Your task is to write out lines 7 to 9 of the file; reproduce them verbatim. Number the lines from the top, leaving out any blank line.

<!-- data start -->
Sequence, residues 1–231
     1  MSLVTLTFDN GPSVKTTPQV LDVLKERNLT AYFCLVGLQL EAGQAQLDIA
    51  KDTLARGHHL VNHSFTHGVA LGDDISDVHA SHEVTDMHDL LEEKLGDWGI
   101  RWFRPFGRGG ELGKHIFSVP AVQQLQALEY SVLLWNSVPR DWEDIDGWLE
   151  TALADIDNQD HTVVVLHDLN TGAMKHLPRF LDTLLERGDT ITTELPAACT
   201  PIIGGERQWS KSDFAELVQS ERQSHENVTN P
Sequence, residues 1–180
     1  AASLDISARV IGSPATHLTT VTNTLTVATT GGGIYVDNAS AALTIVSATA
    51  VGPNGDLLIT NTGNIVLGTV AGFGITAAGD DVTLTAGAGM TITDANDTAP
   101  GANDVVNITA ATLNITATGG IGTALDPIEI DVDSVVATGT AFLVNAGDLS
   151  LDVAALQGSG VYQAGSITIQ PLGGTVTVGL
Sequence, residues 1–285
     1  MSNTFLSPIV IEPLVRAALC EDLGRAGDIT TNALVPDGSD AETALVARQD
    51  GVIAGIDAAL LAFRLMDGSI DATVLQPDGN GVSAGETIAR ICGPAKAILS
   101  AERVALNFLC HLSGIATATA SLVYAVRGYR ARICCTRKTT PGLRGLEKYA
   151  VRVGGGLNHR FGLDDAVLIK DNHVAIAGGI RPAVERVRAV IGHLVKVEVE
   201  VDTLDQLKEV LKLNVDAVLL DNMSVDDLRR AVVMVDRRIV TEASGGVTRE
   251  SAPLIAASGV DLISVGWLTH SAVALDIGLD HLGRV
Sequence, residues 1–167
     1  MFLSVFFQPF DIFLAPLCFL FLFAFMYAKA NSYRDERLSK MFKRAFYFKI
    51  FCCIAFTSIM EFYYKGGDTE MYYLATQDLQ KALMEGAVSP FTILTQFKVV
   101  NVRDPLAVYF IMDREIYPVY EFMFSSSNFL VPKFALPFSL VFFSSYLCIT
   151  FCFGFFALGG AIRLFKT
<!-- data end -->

Sequence, residues 1–180
     1  AASLDISARV IGSPATHLTT VTNTLTVATT GGGIYVDNAS AALTIVSATA
    51  VGPNGDLLIT NTGNIVLGTV AGFGITAAGD DVTLTAGAGM TITDANDTAP